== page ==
WMC: Reforms needed to bring down Wisconsin’s 4th highest hospital prices in the country

Wisconsin’s healthcare costs are higher than the national average and a huge driver of those increased costs are higher hospital costs. This puts Wisconsin employers at a significant disadvantage and makes it more difficult for them to provide high-quality, affordable healthcare for their employees. When the Wisconsin Legislature reconvenes in 2023, tackling this issue needs to be a top priority.

The Badger State has the fourth highest hospital prices in the country, paying 307 percent of what Medicare pays – a standard healthcare industry pricing benchmark. This is according to RAND Corporation’s Hospital Price Transparency Study, which analyzed hospital price data between 2018 and 2020 and found that the prices paid by employer-sponsored health plans vary widely between states.

The study found that most of our surrounding states have much lower hospital prices for employer-sponsored plans. Illinois pays 253 percent, Iowa pays 198 percent and Michigan pays 193 percent. Minnesota is closer to Wisconsin, and even they are still lower than us at 292 percent of Medicare.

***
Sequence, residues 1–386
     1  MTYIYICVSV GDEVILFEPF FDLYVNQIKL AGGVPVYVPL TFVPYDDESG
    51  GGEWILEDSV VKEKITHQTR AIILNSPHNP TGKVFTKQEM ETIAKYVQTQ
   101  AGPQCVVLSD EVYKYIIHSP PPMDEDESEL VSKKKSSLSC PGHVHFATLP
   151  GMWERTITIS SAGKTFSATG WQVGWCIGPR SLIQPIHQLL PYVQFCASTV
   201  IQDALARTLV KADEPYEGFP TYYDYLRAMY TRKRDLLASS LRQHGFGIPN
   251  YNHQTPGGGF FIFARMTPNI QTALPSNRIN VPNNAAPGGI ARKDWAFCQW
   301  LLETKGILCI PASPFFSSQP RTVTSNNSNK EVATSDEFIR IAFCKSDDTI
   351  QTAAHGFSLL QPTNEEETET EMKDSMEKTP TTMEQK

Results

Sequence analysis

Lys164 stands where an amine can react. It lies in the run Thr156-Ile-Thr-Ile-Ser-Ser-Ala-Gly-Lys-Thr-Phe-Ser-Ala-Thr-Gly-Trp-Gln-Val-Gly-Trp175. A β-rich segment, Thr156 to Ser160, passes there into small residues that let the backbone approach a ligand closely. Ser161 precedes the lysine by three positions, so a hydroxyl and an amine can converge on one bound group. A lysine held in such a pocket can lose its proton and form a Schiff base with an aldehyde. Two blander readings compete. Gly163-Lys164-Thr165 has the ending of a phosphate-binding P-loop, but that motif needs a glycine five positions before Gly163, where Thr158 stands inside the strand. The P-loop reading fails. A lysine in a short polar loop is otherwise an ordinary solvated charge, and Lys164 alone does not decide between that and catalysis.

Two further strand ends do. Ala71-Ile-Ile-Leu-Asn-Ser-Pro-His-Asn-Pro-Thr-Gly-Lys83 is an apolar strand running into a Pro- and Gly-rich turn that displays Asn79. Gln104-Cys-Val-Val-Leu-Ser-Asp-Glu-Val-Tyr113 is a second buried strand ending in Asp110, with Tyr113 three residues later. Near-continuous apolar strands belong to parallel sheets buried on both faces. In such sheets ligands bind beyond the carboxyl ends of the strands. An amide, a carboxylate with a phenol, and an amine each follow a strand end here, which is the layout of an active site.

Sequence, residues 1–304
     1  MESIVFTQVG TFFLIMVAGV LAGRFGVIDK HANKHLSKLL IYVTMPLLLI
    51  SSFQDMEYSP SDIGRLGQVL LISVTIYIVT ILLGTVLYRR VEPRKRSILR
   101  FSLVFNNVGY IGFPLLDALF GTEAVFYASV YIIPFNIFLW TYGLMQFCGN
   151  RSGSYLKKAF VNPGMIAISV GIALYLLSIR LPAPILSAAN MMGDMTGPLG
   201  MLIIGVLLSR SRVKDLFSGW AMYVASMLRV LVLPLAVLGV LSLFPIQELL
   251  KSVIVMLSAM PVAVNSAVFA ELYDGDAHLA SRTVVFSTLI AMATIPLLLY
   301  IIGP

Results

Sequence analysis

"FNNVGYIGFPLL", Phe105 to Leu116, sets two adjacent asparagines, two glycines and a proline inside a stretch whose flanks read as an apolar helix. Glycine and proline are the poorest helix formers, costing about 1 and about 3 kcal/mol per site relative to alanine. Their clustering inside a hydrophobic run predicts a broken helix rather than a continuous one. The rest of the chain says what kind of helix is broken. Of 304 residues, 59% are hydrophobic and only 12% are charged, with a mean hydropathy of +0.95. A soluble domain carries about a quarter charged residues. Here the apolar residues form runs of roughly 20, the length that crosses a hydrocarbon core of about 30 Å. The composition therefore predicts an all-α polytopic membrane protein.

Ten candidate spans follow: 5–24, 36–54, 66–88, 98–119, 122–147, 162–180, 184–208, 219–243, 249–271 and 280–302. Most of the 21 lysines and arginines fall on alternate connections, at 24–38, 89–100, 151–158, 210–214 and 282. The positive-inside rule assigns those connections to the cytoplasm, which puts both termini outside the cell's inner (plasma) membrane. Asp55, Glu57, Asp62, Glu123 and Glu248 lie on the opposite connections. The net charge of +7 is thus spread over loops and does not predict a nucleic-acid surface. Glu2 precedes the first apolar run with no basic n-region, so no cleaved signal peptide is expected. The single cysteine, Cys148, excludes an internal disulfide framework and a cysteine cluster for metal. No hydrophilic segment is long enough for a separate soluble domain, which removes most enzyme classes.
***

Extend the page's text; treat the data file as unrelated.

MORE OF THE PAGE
The data is only worse when you dig in deeper and look at individual hospital systems. In 2020, the relative price for inpatient and outpatient services at Mayo Clinic was 451 percent of Medicare. Mayo Clinic has the highest prices in the state, but other systems are following close behind. Froedtert and the Medical College of Wisconsin prices are at 392 percent, Advocate Aurora Health prices are at 369 percent and Bellin Health Systems are at 365 percent of Medicare.

Read the full op-ed from WMC Director of Workforce, Education and Employment Policy Rachel Ver Velde here.